Irish economy caught between overheating and Brexit slowdown, chief economist warns

State’s chief economist John McCarthy says formulating budgetary policy extremely difficult given uncertain outlook

The Department of Finance’s  chief economist John McCarthy addressing the ESRI’s annual budget perspectives conference in Dublin

The Department of Finance’s chief economist John McCarthy addressing the ESRI’s annual budget perspectives conference in Dublin


The Irish economy is on a knife-edge, poised between “overheating” and a major Brexit-related downturn, the State’s chief economist has warned.

John McCarthy described the situation as “extraordinarily complex” and uncertain, saying it made forming budgetary policy extremely difficult.

He said overheating could transform rapidly into “underheating” as a result of a cyclical downturn internationally, made worse by Brexit and trade tensions between the US and China.

Mr McCarthy was speaking at a budget conference hosted by the Economic and Social Research Institute (ESRI) .

“At the moment we’re on the verge of overheating, the economy is at full employment, the output gap is probably moving into positive territory, wages are beginning to pick up,” he said, adding that this situation could change very quickly.

“So we could rapidly go from an overheating situation right now to underheating in six months’ time if you get some of these issues beginning to happen,” said Mr McCarthy.

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This would have implications for the Government’s current budgetary stance and Budget 2020, which is due to be presented just before the UK’s scheduled exit from the EU on October 31st.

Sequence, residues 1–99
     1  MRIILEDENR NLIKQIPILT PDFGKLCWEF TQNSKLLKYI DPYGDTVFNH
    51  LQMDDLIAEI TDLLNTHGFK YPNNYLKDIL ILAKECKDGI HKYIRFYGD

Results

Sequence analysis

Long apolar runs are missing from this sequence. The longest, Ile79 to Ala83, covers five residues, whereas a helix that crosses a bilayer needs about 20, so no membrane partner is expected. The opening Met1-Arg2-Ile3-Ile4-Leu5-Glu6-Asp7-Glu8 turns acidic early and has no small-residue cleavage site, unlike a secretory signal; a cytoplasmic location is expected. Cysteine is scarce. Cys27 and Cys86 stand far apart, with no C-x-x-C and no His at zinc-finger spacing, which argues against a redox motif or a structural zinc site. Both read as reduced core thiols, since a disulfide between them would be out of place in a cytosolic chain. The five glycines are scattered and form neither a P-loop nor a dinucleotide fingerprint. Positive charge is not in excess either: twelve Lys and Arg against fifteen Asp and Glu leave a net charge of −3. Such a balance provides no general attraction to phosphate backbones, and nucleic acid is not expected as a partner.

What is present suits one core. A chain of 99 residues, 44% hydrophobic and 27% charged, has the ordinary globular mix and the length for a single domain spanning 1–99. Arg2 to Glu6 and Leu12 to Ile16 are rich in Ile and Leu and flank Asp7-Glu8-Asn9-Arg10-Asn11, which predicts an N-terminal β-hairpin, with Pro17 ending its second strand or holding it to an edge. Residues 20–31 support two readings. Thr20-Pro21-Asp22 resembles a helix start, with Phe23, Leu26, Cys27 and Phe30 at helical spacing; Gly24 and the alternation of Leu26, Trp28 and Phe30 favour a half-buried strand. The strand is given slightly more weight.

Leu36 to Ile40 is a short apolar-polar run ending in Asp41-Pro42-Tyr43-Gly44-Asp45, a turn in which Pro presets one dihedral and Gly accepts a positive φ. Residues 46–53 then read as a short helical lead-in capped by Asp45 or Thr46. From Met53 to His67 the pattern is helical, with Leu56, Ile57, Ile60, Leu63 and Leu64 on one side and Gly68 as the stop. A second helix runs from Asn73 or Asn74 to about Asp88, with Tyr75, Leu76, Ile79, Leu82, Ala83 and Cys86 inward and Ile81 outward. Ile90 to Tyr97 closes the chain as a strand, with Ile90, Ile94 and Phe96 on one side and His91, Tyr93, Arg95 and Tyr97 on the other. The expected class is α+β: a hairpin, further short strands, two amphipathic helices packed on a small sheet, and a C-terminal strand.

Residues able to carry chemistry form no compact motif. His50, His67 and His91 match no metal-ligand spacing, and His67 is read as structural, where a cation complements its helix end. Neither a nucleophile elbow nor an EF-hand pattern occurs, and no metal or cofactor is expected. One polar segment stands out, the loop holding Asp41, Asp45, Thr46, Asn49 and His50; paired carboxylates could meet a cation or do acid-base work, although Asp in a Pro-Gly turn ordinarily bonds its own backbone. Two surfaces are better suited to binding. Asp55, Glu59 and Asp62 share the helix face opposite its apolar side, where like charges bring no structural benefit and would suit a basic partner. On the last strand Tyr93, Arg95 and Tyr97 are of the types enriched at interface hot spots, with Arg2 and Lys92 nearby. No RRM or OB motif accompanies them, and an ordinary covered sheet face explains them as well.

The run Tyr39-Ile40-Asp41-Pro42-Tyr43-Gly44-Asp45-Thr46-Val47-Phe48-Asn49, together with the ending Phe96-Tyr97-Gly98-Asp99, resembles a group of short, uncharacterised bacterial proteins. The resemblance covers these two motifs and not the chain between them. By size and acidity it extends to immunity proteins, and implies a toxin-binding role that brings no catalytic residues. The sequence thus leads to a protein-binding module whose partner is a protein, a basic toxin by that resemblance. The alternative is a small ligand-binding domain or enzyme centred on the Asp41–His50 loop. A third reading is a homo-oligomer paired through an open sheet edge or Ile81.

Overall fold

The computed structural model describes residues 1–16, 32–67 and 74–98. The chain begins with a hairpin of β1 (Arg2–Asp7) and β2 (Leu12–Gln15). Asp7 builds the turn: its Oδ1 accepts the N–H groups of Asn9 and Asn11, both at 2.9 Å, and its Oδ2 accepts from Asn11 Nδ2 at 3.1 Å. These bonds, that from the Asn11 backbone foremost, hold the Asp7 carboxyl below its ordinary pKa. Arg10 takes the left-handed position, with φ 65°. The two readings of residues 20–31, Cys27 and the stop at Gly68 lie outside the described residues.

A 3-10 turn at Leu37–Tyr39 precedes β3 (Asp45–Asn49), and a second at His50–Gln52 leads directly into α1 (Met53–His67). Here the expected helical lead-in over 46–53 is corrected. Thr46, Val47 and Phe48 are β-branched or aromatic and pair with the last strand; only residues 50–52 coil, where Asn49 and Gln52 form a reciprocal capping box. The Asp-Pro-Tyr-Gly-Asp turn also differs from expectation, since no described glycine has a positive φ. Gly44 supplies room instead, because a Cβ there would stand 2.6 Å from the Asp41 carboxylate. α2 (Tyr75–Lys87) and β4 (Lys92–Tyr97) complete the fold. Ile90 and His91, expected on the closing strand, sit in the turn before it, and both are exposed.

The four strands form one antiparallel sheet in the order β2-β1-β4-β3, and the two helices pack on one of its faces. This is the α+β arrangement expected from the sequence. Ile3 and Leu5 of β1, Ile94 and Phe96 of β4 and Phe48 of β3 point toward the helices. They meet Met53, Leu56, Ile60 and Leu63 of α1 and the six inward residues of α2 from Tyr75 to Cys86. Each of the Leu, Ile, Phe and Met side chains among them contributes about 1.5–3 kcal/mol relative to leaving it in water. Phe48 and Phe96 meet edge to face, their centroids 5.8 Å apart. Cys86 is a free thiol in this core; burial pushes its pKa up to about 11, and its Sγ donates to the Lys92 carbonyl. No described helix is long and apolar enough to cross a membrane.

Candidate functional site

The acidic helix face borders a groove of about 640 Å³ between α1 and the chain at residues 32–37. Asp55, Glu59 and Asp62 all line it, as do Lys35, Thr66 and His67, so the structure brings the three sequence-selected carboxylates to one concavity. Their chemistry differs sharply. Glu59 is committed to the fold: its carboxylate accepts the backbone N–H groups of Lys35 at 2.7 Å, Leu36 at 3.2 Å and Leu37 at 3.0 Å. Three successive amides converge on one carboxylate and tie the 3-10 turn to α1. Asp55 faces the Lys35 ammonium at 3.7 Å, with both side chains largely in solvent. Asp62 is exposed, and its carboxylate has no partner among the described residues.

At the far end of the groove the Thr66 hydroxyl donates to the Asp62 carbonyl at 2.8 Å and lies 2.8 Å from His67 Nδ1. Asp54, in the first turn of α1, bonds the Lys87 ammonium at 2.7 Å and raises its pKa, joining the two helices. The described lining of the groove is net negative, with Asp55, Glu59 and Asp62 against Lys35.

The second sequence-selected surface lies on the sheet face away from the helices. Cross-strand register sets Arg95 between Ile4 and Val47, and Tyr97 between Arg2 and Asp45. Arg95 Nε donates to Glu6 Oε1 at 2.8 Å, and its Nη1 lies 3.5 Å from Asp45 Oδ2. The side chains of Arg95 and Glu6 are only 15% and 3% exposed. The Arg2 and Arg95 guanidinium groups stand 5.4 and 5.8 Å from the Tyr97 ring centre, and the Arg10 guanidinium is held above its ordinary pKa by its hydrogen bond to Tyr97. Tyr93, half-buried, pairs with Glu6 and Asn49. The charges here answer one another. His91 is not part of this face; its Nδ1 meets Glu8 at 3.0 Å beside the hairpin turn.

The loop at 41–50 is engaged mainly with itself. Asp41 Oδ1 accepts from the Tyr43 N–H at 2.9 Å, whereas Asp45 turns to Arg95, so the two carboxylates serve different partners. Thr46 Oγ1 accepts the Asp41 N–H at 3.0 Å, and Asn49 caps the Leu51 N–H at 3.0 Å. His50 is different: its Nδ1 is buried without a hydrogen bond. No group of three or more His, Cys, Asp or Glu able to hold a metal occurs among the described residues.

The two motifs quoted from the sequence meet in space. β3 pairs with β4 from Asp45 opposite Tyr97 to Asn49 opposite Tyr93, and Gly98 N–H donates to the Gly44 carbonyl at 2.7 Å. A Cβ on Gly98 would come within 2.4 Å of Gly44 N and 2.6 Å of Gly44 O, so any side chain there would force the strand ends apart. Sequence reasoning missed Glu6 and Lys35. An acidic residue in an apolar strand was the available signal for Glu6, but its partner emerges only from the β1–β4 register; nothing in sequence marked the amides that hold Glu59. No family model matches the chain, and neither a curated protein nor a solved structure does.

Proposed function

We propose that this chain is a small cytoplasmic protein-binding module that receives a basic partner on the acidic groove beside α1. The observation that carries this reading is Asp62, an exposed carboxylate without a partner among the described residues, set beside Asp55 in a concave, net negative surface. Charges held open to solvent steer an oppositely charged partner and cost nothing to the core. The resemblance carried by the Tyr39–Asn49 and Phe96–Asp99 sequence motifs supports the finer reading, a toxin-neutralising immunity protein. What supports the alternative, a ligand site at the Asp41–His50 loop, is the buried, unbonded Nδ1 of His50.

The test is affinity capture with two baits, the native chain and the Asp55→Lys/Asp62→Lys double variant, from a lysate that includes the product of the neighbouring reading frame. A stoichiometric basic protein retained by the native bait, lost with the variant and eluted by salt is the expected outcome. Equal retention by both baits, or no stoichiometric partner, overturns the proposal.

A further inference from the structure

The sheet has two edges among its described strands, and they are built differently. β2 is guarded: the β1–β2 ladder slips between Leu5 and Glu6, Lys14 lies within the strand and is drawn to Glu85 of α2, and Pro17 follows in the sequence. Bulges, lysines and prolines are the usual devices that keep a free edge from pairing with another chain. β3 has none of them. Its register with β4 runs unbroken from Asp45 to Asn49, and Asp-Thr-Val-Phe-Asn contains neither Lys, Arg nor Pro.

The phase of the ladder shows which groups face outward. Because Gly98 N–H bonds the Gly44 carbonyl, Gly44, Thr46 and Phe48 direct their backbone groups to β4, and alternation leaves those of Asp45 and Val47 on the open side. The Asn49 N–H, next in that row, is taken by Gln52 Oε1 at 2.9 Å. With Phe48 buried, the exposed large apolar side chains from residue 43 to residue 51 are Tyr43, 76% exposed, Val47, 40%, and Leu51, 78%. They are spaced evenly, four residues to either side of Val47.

While economists typically advocate taking money out of the economy in the case of overheating, usually in the form of tax rises or spending cuts, the opposite is true in the case of a severe shock, with governments then encouraged to boost demand through tax cuts and/or increased spending.


Mr McCarthy said there might be a role for “discretionary policy to support the economy” in the event of a hard Brexit, but declined to specify the form this should take.

Nonetheless, he said, the stimulus would have to be targeted to the sectors most exposed, and would have to be temporary “because something like Brexit is a permanent structural change to the economy”. This would mean any stimulus could not be supported indefinitely.

The Department of Finance believes that economic growth in the Republic could be reduced by over 4 per cent from the current projections in the event of a hard Brexit, with unemployment rising by two percentage points. However, some economists believe this underestimates the likely impact.

In 2007 the Irish economy was overheating, with wages and prices rising at unsustainable rates, but this was soon overtaken by the major global downturn triggered by the financial crisis.

“What’s different between then and now is that now we know things are coming down the line. We all know Brexit will happen at some stage, nobody ever saw the global financial crisis, hence we’ve no excuse,” said Mr McCarthy.



The Department of Finance came under fire again this week from the Irish Fiscal Advisory Council (Ifac), which claimed it was failing to deal with persistent budget overruns in health while using potentially temporary corporation tax receipts to paper over the cracks.

The fiscal watchdog also warned that the department and the ESRI had jointly underestimated the impact of a hard Brexit on the public finances.


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